Mr Robert Scott, the well-known coach-driver of Geraldine, returned to Timaru yesterday from a trip to the Grampians (Mr Wm. Grant's station), in the Mackenzie County. He describes the country as one sheet of snow two to three feet deep, with no "black country'" visible anywhere. He reached Fairlie on Tuesday night, and rode to Cricklewood, where he joined the train. The relief train was unable to move the snow-bound train, and it was only going back and making a dash at the frozen snow that any progress was possible. He pays a high compliment to the skill and perseverance of the engine driver of the relief train.


Photograph taken by J.E. Pigott on 11 July 1903.


Photograph taken by J.E. Pigott 1912-16.

26 April 2014 Timaru railway yard. Sunrise.

 DSC 2406 Builder: NZR Introduced: January 1964 Current Livery: Tranz Rail Blue Status: In service April 2014 Timaru. The DSC class is a heavy shunting locomotive used throughout NZ.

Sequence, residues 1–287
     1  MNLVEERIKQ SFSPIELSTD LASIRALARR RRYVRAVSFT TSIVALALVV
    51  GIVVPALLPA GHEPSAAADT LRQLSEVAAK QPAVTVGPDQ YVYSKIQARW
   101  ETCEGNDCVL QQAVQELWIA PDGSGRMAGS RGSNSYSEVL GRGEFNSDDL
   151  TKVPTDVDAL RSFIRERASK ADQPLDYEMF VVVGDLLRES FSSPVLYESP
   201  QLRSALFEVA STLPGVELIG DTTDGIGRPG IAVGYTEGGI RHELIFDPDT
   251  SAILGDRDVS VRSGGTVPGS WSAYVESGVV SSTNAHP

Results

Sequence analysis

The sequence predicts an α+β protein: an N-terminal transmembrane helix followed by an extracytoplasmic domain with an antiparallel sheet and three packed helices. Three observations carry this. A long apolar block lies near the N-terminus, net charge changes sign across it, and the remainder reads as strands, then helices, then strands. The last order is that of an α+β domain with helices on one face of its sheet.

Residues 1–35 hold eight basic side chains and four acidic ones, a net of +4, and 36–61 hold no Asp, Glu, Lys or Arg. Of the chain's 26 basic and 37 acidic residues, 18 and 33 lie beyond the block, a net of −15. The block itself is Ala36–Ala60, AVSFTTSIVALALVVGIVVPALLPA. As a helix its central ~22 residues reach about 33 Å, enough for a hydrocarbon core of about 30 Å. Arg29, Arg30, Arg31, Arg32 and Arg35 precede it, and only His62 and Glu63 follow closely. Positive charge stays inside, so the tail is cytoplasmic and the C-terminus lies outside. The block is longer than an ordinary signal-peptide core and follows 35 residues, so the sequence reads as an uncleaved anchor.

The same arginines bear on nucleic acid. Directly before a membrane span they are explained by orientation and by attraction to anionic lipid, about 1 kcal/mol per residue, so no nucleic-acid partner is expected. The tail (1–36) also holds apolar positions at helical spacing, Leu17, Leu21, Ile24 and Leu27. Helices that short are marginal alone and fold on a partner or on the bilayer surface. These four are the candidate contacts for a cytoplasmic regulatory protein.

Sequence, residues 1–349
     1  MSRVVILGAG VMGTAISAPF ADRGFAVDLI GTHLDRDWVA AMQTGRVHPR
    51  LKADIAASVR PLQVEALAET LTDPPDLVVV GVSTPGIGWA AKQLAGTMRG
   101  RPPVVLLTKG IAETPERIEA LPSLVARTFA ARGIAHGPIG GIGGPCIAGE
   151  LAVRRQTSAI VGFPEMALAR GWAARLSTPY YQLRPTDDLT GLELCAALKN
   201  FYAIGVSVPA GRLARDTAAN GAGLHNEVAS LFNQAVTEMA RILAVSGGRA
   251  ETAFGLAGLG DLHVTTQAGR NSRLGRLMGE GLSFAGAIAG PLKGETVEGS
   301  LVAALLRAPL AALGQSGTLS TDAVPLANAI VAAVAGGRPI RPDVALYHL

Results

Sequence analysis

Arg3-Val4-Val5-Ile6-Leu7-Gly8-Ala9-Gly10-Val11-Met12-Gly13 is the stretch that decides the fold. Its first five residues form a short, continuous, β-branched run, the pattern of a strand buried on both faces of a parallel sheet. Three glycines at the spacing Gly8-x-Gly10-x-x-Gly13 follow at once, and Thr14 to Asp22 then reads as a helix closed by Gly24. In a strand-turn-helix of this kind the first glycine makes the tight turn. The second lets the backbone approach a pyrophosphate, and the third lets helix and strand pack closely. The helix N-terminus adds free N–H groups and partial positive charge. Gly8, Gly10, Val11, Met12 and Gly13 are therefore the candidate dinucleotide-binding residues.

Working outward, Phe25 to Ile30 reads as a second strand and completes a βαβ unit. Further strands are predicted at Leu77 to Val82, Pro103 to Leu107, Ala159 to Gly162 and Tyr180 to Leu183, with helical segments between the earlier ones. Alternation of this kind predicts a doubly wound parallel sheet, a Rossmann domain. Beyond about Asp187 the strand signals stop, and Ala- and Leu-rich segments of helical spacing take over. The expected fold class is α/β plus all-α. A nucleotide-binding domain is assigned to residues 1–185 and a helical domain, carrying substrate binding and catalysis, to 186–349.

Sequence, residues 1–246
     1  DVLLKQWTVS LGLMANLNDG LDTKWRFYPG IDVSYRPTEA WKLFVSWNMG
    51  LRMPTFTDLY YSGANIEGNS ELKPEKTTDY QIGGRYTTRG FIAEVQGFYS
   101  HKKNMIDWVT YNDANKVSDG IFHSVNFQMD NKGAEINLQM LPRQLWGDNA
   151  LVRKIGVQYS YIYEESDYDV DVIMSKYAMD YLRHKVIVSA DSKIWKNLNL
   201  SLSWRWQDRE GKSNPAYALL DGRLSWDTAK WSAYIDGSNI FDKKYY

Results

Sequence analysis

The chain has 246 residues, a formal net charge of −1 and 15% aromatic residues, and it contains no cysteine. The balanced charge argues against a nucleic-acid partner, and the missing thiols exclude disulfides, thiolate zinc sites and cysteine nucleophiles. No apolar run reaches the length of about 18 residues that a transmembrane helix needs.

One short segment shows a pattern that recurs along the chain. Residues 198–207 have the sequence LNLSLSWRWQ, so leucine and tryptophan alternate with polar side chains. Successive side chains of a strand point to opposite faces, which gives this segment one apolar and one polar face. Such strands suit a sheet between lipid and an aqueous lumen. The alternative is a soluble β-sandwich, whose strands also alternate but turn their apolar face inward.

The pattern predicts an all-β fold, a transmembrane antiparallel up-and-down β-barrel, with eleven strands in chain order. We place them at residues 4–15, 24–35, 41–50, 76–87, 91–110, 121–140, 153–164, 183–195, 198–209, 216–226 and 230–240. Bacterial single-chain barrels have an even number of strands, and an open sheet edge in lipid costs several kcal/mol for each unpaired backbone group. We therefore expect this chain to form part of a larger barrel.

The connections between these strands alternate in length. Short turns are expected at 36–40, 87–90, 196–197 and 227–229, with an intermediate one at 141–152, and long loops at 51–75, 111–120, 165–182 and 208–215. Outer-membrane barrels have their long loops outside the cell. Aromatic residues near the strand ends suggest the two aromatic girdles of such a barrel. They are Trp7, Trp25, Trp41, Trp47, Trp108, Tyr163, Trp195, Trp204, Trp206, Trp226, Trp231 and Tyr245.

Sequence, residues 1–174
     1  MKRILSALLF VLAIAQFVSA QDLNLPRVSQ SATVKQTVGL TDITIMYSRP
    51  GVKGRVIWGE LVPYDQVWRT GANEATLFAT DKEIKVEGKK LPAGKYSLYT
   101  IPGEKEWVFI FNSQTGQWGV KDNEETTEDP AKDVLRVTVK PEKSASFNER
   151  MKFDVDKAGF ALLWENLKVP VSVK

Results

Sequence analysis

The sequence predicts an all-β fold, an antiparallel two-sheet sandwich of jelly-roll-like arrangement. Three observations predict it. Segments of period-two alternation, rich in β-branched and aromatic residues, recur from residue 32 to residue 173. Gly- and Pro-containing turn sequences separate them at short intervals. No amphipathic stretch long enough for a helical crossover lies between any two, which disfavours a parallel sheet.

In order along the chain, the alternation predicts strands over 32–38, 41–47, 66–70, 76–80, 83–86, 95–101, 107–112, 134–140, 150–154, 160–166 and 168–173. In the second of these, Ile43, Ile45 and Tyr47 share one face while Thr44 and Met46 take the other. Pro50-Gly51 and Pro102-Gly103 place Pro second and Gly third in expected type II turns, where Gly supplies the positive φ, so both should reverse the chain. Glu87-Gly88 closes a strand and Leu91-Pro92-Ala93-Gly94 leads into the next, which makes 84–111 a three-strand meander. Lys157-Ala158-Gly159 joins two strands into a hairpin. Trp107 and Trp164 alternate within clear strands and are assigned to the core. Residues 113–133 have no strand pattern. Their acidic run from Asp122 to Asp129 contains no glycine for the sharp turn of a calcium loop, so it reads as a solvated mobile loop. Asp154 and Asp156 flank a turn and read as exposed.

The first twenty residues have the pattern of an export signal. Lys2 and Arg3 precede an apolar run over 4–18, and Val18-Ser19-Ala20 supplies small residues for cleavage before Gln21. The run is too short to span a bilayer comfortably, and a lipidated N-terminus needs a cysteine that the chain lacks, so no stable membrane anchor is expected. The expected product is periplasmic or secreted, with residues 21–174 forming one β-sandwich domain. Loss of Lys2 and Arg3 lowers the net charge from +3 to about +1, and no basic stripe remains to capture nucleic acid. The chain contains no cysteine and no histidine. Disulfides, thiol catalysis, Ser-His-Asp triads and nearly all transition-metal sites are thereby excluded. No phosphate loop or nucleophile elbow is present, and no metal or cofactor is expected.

Please email me any photographs and old postcard images of South Canterbury for the site! Thanks.  Adopt a cemetery in South Canterbury.

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My viewers know more than I do.  We are very interested in what you know. We want to help you share.  volunteer: There are many opportunities for people to become involved in the GenWeb Project which is dedicated to making genealogical information available online for free.  South Canterbury war memorial transcriptions, cemetery listings, electoral rolls, Wises Directory information, school reunion announcements are areas where you can get involved. Does not take any special skills other than the desire to help others.  Also looking for volunteers to do lookups in genealogical material.  If anyone knows of information sources for South Canterbury or if you want to volunteer to help with lookups etc., please send me an email . I am looking for three more photos on South Canterbury scenes, buildings, events etc. with similar dimensions.  Images welcomed.